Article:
Good CF cards come with a decent percentage of "spare" sectors that are invisible and are always available to the card for wear leveling. Think of it as a "hidden" partition. But if you want to prolong the life of your card even more (or if you have doubts about how much protection the manufacturer has included), create a "reserved" partition with the number of sectors that you want to forever keep available for wear leveling. Do not create a filesystem in this "reserved" partition. Use the rest of the space however you see fit. Once you have some reserved space, it doesn't really matter if you use a swap file or a swap partition.

Note that you have to do this early in the life of the CF card. Once a card has been thrashed, it's not clear if there is a way to ever get the "used" sectors back to "unused". There is a low-level ATA "format sector" command that may do the trick, but it's impossible to tell if it really has any effect (and it's tough to find a disk formatting program these days that offers a "low-level format" option). That's also why buying a used CF card is such a gamble!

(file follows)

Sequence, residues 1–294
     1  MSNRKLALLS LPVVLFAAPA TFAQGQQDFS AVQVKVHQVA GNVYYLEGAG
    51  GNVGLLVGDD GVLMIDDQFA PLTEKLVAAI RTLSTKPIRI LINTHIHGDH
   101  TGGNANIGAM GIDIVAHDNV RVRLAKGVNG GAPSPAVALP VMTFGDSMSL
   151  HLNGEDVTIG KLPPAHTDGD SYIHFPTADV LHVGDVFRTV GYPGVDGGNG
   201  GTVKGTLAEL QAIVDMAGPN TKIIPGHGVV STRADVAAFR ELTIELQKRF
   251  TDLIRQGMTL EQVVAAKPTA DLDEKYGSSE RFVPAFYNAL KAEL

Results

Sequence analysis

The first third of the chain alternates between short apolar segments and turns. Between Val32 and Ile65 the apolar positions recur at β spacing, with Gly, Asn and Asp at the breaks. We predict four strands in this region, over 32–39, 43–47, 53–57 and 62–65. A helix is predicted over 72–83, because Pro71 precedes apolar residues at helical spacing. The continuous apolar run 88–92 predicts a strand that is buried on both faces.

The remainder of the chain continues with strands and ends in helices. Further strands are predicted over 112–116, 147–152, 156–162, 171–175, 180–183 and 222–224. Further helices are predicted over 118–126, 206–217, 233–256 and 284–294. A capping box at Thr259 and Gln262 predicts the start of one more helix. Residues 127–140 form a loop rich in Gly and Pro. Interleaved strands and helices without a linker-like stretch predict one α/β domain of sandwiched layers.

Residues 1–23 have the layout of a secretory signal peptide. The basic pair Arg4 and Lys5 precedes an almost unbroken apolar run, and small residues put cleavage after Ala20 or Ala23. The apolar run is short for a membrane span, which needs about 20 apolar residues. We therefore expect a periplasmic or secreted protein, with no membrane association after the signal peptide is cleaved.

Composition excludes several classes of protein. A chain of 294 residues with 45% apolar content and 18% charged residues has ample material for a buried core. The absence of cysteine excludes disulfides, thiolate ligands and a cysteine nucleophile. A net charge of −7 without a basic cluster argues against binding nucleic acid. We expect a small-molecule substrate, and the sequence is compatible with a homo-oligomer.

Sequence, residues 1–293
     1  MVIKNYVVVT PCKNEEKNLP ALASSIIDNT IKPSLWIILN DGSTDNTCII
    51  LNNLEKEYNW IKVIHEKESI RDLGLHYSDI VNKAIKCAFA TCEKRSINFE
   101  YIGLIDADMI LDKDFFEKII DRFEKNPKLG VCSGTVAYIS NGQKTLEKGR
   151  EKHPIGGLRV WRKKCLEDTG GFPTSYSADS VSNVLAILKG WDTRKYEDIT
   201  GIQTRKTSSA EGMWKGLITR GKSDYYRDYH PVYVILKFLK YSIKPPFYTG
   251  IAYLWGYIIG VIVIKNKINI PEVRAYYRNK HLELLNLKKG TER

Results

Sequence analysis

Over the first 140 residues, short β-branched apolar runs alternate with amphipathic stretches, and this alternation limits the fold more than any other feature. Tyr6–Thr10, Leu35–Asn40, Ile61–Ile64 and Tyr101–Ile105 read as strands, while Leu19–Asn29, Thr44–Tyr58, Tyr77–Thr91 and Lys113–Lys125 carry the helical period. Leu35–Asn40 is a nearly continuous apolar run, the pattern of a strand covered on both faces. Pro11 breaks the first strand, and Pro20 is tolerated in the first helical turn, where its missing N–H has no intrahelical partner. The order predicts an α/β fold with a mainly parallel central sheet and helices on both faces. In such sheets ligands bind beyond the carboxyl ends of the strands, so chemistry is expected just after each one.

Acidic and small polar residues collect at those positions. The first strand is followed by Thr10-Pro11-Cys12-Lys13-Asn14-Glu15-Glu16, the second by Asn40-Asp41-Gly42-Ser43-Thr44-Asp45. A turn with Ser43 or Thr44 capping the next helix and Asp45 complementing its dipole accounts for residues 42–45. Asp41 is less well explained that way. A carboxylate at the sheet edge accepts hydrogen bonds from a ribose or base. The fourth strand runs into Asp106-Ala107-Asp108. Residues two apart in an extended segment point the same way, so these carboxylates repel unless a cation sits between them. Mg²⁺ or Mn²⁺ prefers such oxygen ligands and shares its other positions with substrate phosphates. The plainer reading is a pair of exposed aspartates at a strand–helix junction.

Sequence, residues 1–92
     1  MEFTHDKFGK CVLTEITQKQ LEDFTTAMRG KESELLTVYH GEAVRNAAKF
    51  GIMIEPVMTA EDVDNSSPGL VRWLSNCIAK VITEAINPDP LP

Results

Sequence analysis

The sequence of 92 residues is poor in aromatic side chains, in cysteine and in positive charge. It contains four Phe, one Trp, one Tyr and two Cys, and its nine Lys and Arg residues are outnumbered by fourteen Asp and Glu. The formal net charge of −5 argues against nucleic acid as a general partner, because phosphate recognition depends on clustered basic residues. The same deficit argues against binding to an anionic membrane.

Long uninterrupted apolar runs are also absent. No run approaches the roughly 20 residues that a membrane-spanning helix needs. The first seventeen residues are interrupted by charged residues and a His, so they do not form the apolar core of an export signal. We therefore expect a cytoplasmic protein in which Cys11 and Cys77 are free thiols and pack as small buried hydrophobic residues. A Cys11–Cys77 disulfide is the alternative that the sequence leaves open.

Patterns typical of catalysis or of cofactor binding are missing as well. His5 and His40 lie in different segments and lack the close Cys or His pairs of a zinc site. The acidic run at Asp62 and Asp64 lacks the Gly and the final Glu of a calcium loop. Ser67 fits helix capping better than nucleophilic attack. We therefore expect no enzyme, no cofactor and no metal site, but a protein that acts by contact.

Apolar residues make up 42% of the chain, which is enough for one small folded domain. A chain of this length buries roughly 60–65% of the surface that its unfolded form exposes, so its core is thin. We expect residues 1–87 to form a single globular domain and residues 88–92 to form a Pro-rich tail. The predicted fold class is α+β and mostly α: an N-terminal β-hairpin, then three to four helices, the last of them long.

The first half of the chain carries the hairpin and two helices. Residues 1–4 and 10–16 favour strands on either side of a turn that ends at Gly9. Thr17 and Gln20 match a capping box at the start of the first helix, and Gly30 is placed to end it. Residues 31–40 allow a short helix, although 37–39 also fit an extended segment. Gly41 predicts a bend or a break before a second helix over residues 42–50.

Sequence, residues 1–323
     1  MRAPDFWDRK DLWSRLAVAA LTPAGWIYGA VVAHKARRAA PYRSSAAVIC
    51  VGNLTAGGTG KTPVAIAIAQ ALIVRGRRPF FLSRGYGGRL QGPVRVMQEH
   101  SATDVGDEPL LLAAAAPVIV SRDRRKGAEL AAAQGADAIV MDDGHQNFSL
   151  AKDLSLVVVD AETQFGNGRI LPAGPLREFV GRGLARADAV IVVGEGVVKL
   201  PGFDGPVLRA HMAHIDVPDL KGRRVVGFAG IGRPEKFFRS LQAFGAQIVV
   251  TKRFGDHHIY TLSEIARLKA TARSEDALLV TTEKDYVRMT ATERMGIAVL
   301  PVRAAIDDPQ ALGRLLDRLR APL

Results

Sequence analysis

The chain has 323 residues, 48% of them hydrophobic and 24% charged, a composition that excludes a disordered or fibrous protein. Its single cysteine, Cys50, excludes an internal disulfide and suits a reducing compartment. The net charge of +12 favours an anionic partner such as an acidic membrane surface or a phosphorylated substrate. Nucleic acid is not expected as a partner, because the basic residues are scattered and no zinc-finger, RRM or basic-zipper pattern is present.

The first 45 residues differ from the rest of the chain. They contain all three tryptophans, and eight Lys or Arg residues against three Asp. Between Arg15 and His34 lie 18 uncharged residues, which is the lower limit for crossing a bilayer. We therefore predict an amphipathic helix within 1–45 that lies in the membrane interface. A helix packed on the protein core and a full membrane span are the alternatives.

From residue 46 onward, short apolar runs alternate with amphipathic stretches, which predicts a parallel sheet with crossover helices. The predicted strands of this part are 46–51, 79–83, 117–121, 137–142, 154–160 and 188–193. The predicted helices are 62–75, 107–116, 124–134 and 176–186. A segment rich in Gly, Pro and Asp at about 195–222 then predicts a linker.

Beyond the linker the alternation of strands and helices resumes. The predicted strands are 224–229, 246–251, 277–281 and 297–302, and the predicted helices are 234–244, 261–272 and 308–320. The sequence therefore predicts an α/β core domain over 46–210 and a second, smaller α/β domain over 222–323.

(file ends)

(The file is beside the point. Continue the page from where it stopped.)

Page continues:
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ZDevil
post Jun 5 2007, 09:17 AM
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Thanks for the precise explanation. This forum is such a good read that I learn new things almost everyday. smile.gif

Now another question about using such a big card on Z: does it make a difference in read/write time when using one big partition versus several? What would be the variables here? Card speed? Flash vs. mechanical drive? Sheer partition numbers? Or something else?
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speculatrix
post Jun 5 2007, 02:26 PM
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QUOTE(kopsis @ Jun 5 2007, 04:57 PM)
Partitioning may help, but the reason why is a bit more complicated. The real key to long CF life is don't ever get all the sectors on the card "used". Wear leveling needs unused sectors to work. With wear leveling, when you ...


this seemed to make sense, but I think that the logic breaks down. Lets say you have a digital camera fitted with huge 16GB CF card, and only ever write 4GB to it before "emptying". It will only take four lots before you'll have marked every sector as used?